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Recreational Athlete Kinetics and Kinematics of the Lower Extremity During Activities Associated with ACL Injuries: 2230Board #167 3:00 PM – 4:00 PM

Pitts, Leigh-Anna; Avedisian, Lori; Venkataramani, Rama; Vijayakumar, Rajiv; Bamarhool, Mohamed

Medicine & Science in Sports & Exercise: May 2006 - Volume 38 - Issue 5 - p S400
Thursday Morning Poster Presentations: Posters displayed from 7:30 a.m.–12:30 p.m.: One-hour author presentation times are staggered from 8:30–9:30 a.m. and 9:30–10:30 a.m.: D-30 Free Communication/Poster – Sport Biomechanics: THURSDAY, JUNE 1, 2006 2:00 PM – 5:00 PM ROOM: Hall B

1Quinnipiac University, Hamden, CT.

2Cleveland State University, Cleveland, OH.


PURPOSE: Female athletes have a significantly higher incidence (ten fold) of ACL injuries compared to men in non-contact sports. It is thought that activities such as landing a jump or cut may result in injury or different muscle firing patterns may be involved. Little research has been performed on the recreational athlete during these types of activities and since the number of particpants far exceeds those in organized collegiate level sports, it is imperative to investigate this group.

METHODS: 15 female and 15 male recreational athletes with no history of ACL injury participated. Surface EMG electrodes were placed over the Gluteus Maximus, Gluteus Medius, VMO, Semitendinosis, Biceps Femoris, Gastrocnemius, Peroneus Longus Muscles and data sent to Noraxon software. Subjects performed MVIC's at each muscle and this value used to normalize for use during the activities which followed. This included: drop landings from two heights, jump landings, cut to L/R, deceleration. Values were recorded form 200 msec pre-contact through 250 msec post-contact with force plate (AMTI). Mean and peak values (in mV) were recorded as calculated on the dominant leg and converted to %MVIC for each activity. MANOV was used to analyze the data, plyometric training instituted for 4 weeks, and an identical post-test performed.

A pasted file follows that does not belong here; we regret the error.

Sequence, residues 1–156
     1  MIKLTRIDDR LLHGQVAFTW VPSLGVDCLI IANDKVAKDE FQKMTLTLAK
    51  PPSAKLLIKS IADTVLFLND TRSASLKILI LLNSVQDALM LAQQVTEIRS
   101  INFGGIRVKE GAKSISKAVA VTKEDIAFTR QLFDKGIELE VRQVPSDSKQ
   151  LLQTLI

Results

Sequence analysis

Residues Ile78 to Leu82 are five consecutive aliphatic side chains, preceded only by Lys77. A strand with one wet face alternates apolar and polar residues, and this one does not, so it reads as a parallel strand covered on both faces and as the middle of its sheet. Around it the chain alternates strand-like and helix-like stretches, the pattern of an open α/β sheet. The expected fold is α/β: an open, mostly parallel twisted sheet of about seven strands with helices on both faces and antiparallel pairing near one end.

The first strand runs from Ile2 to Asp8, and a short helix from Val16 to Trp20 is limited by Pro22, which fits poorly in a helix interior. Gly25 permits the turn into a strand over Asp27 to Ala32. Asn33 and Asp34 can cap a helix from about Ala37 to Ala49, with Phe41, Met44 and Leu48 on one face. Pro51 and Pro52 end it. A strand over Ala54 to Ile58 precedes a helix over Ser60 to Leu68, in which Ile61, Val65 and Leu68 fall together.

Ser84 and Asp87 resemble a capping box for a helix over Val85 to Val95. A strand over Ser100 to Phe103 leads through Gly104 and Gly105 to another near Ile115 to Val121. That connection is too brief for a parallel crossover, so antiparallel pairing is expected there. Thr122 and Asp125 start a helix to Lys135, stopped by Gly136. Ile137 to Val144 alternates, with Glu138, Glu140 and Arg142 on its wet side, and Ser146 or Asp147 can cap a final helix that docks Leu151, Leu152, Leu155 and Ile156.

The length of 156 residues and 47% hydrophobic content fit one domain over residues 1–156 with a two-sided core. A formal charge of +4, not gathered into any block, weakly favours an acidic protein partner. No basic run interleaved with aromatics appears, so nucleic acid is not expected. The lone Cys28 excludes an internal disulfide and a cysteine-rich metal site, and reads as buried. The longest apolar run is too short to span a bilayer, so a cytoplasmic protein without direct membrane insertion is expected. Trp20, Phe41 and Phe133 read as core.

RESULTS: Deceleration-showed that in the Gluteus Medius the women utilized a mean of 134% (SE 17%) of MVIC compared to men 73.4% (SE 13.6%) (p=0.01); Peak Gluteus Maximus post-contact males used a mean peak MVIC of 110 (SE19.3%) while the women used 209% (27.8%) MVIC (p=0.007); cutting to the left also demonstrated a gender difference in the Biceps Femoris (p=0.039) with an observed power of 0.580 and Gluteus Medius during the pre-contact phase following training (p=0.048) with the women activating at a higher level than the men. CoNCLUsIoNs: Inadequate time of hamstring and other core muscle contraction along with increased quadricep use may place both genders in a position of risk for ACL injury secondary to anterior tibial shear forces. Proper training is warranted and plyometric training and drills such as backward running may assist to reduce this risk.

© 2006 American College of Sports Medicine